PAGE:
Calculating with zero

Once you understand zero and its effect in calculations, it is easy to overlook the uncertainty which pupils can feel when calculating with zero, especially if the assumption is made that they are already confident with this. An awareness of this issue means that it can easily be dealt with in a practical way and prevent future mistakes with zero in written calculations.

When pupils begin to add and subtract, it is generally in a very concrete way, physically moving objects such as counters, bricks or fingers. In this way, they are able to realise that, by adding or subtracting zero, the number of objects they began with doesn’t change and that if they begin with zero, they end up with the same number that they added on.

When multiplication is introduced, they then have to realise that 6 + 0 = 6 but 6 x 0 = 0. Again this can be done in a concrete way by asking them to give you six lots of zero bricks, zero bricks six times or six bricks zero times. This reinforces the concept that when zero is involved in multiplication, we always end up with nothing!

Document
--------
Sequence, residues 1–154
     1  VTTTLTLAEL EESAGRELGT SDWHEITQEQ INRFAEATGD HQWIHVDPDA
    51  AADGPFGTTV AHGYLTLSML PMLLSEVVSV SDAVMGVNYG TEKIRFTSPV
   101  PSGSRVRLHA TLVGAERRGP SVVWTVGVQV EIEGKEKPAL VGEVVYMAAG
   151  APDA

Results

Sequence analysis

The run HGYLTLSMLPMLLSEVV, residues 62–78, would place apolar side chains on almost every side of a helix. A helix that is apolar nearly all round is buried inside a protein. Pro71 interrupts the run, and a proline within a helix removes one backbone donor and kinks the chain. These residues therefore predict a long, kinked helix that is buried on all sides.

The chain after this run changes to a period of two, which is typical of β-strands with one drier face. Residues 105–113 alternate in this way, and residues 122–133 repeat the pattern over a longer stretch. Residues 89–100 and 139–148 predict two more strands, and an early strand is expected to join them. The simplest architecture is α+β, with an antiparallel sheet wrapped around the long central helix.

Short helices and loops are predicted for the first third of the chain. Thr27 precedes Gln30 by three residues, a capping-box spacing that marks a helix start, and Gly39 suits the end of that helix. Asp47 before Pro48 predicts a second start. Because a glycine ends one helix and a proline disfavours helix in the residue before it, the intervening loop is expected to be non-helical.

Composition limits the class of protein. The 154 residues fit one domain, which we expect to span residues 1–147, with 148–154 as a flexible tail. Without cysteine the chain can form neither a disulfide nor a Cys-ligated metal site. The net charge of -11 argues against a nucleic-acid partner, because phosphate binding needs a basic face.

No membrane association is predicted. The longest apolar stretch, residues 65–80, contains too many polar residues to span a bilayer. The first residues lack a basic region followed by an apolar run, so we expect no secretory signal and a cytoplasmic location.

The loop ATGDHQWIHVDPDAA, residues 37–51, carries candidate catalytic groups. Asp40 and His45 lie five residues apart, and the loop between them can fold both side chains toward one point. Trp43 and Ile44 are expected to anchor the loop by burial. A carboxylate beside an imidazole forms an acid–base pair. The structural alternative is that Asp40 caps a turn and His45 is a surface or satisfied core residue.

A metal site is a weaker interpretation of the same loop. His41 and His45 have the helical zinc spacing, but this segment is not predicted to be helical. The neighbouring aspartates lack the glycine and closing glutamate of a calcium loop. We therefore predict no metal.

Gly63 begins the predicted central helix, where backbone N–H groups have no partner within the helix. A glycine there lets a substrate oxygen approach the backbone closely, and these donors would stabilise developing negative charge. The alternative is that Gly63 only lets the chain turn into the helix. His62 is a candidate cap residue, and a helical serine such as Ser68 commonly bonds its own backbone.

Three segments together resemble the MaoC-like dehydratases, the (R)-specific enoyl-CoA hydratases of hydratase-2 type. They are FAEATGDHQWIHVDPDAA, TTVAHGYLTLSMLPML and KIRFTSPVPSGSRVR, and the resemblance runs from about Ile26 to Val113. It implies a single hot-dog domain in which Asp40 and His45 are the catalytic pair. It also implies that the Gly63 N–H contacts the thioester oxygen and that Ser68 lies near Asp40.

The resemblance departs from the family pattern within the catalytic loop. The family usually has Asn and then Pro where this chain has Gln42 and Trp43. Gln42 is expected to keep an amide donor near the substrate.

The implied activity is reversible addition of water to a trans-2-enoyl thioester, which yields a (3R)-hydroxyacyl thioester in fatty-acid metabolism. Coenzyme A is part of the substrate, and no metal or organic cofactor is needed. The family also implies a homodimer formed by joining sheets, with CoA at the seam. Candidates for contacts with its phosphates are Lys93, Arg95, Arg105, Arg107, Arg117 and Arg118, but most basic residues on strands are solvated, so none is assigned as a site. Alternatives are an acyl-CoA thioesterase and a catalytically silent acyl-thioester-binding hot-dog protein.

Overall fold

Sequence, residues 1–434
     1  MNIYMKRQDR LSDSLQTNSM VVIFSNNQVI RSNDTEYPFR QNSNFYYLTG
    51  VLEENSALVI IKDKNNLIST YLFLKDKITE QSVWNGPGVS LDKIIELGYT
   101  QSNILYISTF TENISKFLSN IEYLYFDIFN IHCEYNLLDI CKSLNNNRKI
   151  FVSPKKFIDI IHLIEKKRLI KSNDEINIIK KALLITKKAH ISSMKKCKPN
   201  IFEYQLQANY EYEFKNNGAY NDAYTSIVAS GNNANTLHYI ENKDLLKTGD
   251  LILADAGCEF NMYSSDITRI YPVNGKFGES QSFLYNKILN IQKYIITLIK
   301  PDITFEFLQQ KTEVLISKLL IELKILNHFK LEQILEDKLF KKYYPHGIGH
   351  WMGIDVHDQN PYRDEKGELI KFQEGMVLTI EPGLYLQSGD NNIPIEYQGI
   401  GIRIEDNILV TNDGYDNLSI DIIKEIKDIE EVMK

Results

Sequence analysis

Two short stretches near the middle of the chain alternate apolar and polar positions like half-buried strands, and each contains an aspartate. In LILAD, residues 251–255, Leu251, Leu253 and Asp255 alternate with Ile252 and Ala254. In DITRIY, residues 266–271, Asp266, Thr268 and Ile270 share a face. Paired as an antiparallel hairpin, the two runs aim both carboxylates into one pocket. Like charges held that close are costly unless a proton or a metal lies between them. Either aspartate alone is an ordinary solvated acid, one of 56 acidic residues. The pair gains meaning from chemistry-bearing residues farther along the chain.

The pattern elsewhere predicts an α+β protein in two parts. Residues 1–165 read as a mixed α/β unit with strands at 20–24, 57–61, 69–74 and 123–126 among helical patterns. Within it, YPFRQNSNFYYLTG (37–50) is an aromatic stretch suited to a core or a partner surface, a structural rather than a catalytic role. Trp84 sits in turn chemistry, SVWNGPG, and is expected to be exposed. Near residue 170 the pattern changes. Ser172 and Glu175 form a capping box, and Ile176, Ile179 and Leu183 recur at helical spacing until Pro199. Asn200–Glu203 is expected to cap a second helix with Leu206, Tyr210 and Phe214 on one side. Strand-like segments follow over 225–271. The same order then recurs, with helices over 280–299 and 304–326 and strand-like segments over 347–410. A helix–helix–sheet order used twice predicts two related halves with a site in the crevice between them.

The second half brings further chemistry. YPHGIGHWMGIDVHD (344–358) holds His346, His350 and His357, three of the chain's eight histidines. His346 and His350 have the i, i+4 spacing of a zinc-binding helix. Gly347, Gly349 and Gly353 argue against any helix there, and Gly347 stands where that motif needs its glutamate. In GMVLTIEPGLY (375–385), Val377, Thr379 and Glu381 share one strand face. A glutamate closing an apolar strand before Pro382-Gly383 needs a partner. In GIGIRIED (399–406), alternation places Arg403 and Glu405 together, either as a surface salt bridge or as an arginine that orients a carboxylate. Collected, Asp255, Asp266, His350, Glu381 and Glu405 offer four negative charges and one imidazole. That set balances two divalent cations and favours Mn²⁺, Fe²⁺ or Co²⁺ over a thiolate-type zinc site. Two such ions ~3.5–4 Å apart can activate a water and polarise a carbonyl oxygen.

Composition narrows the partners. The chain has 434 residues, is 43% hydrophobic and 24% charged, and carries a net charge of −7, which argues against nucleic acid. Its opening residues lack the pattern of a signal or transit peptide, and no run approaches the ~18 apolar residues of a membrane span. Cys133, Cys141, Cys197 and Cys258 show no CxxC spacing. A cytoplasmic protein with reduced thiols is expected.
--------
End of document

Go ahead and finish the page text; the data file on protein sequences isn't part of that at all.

Similarly, in 0 ÷ 6, if a pupil is ‘given’ zero bricks and asked to share them between six children or put them into groups of six, they can see that there is nothing to physically share or group.

Once multiplication and division with zero has been introduced, it is important to revisit addition and subtraction with zero, encouraging pupils to use their fingers or other objects to physically reinforce and cement correct understanding. Fingers are invaluable as a convenient method of checking whenever a pupil encounters a zero and is uncertain of the answer!

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Although many of the calculations have an answer of zero, pupils must work carefully to correctly complete the calculations which do not!